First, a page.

But the difference in video quality is probably the least important factor. The most important difference to me is build quality. Super cheap Blu-ray players have transports and motors that aren’t built to last. They will likely die over time. Also, cheap Blu-ray players have cheap DACs that don’t sound as good as premium players. So if you’re using it for audio playback and using analog outputs, that’s another reason to buy a more premium player. Then there’s the user interface, boot-up time, load times, and a bunch of other touch points that may make one Blu-ray player more desirable than another.

But, yeah, the whole “digital is digital, and it is all the same thing” doesn’t hold water no matter what some blow-hard in a forum tells you. Without any dog in the fight, I’ve witnessed the differences myself time and again over the 28 or so years I’ve been at this.

Mini-LED vs. microLED

Vibrant flora shown on a Samsung 76-inch MicroLED TV.
Digital Trends

Power5 writes: Is mini-LED the same as Samsung microLED? These small-size tech names are getting confusing.

Mini-LED and microLED are different in terms of size and, thus, how they are used.

A mini-LED bridges the gap between a conventional LED and a microLED. Conventional LEDs — you’re probably familiar with what those look like — are always over 200 micrometers in size.

Mini-LEDs span 100 to 200 micrometers in size. A microLED must be under 100 micrometers.

The size difference is key because it determines how they can be used in displays. A mini-LED is useful as a backlight for an LCD-based television. As we’ve discussed here before, since they are so much smaller than conventional LEDs, more of them can be packed into a space and broken down into more tightly controlled zones. That’s the promise, anyway. Depending on their use, sometimes mini-LED TVs are better for having them, but sometimes they aren’t much better than TVs with normal-sized LEDs.

Mini-LEDs, though, are not tiny enough to be grouped together to represent a single pixel in a conventional-sized television. However, microLEDs are. Or at least, they can be.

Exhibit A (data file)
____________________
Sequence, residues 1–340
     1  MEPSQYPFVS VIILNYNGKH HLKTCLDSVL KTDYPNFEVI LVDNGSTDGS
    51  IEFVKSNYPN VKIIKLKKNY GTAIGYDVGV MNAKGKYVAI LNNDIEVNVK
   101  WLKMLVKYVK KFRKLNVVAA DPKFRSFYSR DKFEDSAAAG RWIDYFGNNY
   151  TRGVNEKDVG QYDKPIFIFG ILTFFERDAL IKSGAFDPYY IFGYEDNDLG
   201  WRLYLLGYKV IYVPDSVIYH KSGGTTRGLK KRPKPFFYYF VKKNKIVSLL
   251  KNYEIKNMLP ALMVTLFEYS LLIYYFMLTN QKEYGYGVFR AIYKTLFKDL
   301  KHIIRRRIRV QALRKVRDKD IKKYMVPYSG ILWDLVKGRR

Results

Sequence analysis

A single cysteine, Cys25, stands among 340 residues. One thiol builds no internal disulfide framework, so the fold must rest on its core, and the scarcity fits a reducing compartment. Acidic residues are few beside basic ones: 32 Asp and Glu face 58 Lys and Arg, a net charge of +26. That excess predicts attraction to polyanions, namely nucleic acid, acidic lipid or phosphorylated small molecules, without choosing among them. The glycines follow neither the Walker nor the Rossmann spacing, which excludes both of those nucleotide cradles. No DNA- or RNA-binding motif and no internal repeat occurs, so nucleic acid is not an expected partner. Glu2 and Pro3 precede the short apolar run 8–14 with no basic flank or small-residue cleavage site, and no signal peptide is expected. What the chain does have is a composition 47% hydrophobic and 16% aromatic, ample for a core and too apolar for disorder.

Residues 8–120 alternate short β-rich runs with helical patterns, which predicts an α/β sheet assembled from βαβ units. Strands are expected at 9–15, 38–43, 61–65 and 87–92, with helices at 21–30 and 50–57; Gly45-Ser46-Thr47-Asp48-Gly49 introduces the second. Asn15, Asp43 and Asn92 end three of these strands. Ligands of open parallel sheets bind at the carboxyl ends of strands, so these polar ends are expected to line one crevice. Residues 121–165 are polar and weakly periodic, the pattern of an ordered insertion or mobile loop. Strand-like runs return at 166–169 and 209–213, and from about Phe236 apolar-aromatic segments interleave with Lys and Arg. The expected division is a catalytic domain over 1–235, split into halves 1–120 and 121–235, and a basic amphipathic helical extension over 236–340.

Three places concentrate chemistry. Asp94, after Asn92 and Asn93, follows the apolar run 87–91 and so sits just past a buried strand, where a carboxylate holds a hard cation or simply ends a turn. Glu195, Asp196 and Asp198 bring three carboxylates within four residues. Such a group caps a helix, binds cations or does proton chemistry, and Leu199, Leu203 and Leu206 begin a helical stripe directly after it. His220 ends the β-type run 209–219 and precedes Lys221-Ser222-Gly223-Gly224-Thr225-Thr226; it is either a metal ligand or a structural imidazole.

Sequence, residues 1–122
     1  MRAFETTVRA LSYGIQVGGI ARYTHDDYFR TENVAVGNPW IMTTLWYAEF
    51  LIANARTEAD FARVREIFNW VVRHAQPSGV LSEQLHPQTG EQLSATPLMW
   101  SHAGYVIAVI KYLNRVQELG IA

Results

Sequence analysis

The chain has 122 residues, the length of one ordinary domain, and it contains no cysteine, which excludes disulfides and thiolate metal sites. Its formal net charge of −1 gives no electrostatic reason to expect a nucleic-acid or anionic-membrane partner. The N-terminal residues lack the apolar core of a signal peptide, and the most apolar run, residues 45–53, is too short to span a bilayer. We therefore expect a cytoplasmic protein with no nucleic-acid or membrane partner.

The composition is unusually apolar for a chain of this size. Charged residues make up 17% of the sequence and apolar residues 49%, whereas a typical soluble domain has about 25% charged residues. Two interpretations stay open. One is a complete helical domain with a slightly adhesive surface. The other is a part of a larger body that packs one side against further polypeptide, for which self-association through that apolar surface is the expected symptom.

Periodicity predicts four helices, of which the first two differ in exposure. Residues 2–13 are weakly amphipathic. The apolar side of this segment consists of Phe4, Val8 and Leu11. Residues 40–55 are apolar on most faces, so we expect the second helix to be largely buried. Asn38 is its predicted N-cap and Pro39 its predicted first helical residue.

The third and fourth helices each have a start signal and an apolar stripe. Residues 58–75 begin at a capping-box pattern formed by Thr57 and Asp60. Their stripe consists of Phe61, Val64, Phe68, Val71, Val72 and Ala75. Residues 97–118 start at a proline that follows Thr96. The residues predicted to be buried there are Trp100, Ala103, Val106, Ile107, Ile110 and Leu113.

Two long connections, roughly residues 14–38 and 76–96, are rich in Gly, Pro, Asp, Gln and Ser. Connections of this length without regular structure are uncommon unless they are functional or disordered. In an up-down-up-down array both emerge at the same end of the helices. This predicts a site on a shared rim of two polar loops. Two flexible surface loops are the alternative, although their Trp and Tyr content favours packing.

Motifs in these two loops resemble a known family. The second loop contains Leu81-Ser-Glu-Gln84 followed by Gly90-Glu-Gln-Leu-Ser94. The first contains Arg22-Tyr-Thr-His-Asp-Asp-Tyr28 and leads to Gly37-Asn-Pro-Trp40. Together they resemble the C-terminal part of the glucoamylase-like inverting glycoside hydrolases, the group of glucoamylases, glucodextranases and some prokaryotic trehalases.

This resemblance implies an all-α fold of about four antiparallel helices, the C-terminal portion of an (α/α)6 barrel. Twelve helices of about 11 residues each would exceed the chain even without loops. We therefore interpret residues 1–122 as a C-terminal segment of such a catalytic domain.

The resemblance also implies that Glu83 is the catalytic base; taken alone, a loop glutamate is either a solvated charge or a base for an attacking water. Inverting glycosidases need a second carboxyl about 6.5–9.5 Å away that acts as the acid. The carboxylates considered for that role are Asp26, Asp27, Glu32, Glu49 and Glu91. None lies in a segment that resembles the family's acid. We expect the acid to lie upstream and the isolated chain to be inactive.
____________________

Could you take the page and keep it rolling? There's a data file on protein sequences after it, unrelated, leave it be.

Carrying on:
A pixel on a TV needs to be able to produce red, green, and blue. And microLEDs are so tiny that a red, green, and blue microLED can be shoved in the space of one pixel. It took a while to scale them down to be tiny enough to be in a 65-inch display – but they have been, and Samsung showed us that at CES recently.

TCL X955

A brightly colored mandala shown on a TCL  qm89 TV.
Digital Trends

Ian writes: It has been quite a while since you covered the new TCL X955 TV. You mentioned it again in your CES 2024 coverage, but there was little new technical or sales information. I am yet to see any shipping information for this TV. I was wondering if you have any insights into what is happening with the availability of this TV. I am in Australia, so we are always late to the party. I have been waiting for reviews and availability as I am considering the 85-inch X955 for my home.

I am concerned that this new TV doesn’t appear to have been shipped to any reviewers. Testing, reviews, or insights into the TV are not yet available. Given some of your observations and comments about the new Hisense TVs at CES, could TCL be tweaking the X955 specifications before release?

Great question. First off, don’t be concerned. It is very common for TV brands to announce TVs several (or many) months in advance of their availability. I imagine they enjoy building anticipation and demand as folks like us chew on the knowledge that it will exist, but have to wait until we can finally buy them.

I can’t tell you exactly when the TVs from TCL will be available, but I can offer some well-educated guesses.

First, for anyone who may not have been following: TCL Global made an announcement in late August 2023 that the X955 TV — a 5,000-nit TV — would be coming. Very exciting. Then, more recently, at CES in January 2024, TCL North America announced the QM89 – a 115-inch, 5,000-nit TV.

The X955 announced globally and the QM89 announced for North America are not exactly the same. But they are very close.

For North America, I can tell you that we will likely not hear more about the QM89 or any of TCL’s other TVs until sometime in May. In May 2023, I attended the TCL event in New York, where that year’s lineup was shown and announced. I got my first impressions of the QM8 in all its glorious sizes. Then, TCL’s TVs started hitting store shelves in mid-June.

I assume the same will happen in 2024: new TCL TVs, at least in North America, coming in June, with a sneak peek in May. I do not know the release window for Oceania, but I reckon it won’t be too far off that timeline.

Historically, big and ambitious TVs like the 115-inch QM89 have come out a bit later than the core TV lineup — we’ve seen this from several brands. It is possible that could happen here. But I have a very strong, clairvoyant vibe going here that the QM89 could also be available in June. We may not have to wait until later in the year for it.

Wouldn’t that be awesome?

Anyway, if you want to see the first meaningful preview and impressions of the QM89 — guess where you’ll see it? Yup. Right here.

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Caleb Denison
Digital Trends Editor at Large Caleb Denison is a sought-after writer, speaker, and television correspondent with unmatched…